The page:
Watch a NASA astronaut relearn how to walk after nearly 200 days in space

Mike Wehner

It’s only been about a week since three of the crew members aboard the International Space Station flew back down to Earth aboard Russia’s Soyuz spacecraft. Their vehicle, which was the same one that sprung a leak on a component that was ultimately jettisoned before reentry, held up just fine and the trio made it back to Earth just fine.

Astronaut Drew Feustel is no strange to space, and while he wasn’t part of the crew that returned to Earth last week he knows all about the struggles facing anyone who endures an extended stay in space. In a tweet welcoming home the crew, Feustel offers us an eye-opening look at what space explorers have to deal with after they come home.

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“Welcome home #SoyuzMS09!” Feustel writes in the tweet. “On October 5th this is what I looked like walking heel-toe eyes closed after 197 days on @Space_Station during the Field Test experiment…I hope the newly returned crew feels a lot better.”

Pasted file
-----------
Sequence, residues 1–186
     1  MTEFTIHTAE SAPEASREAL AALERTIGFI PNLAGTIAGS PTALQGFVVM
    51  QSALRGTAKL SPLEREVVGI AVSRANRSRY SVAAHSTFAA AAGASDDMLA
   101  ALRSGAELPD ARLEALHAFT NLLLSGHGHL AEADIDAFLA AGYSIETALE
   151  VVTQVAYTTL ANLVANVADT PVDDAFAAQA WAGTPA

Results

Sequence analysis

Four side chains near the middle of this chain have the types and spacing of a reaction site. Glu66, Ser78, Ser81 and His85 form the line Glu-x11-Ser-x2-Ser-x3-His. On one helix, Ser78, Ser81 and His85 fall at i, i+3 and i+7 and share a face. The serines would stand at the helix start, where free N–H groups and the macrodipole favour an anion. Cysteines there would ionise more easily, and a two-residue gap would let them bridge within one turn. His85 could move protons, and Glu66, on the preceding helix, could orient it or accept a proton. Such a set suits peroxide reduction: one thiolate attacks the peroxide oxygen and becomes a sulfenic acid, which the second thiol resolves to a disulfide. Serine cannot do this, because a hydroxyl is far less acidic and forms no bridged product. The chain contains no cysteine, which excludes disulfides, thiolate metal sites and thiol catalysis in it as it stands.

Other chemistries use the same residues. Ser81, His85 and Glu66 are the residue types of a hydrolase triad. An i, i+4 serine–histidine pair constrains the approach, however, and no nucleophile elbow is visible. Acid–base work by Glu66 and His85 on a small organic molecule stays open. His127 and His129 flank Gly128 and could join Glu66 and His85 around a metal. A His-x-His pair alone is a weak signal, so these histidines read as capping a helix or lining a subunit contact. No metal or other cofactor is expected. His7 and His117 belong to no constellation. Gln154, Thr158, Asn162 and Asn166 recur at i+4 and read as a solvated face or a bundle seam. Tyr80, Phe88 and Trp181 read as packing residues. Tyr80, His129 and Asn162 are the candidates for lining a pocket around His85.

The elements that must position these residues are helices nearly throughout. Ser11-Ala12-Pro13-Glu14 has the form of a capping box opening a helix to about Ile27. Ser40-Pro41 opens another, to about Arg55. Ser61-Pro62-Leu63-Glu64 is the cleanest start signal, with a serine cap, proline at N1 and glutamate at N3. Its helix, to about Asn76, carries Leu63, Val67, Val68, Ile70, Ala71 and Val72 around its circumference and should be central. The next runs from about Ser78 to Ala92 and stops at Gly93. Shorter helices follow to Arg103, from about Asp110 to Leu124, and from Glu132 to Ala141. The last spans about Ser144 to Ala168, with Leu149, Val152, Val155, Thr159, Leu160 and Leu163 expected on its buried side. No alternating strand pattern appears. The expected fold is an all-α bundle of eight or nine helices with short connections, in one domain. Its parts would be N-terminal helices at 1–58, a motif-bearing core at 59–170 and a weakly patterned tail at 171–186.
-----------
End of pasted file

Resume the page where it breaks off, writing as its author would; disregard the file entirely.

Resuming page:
The video, which was shot by Drew’s wife Indira, is almost hard to watch. Feustel, who spent nearly 200 days in space, appears to struggle with the simple act of walking. Fighting against gravity to stay upright, the astronaut holds his arms across his chest and keeps his eyes closed as he concentrates on maintaining his balance. Feustel returned to Earth in early October of this year after performing his duties first as a flight engineer and then as commander of the ISS during expeditions 55 and 56.

Without gravity to hold them down, the ISS crew does a lot of floating while aboard the space station. They do their best to keep their muscles in shape by performing various exercises and working out on a regular basis, but nothing can prepare them for the eventuality of experiencing gravity once again.

It’s videos like this that show us how much the men and women of the astronaut corps sacrifice in the name of science, while also making us question the future. Crewed missions to Mars will require that explorers endure zero gravity for far longer than 200 days, and we simply don’t know what kind of affects such a trip might have on the human body once the travelers land, either on Earth or on the Red Planet itself.

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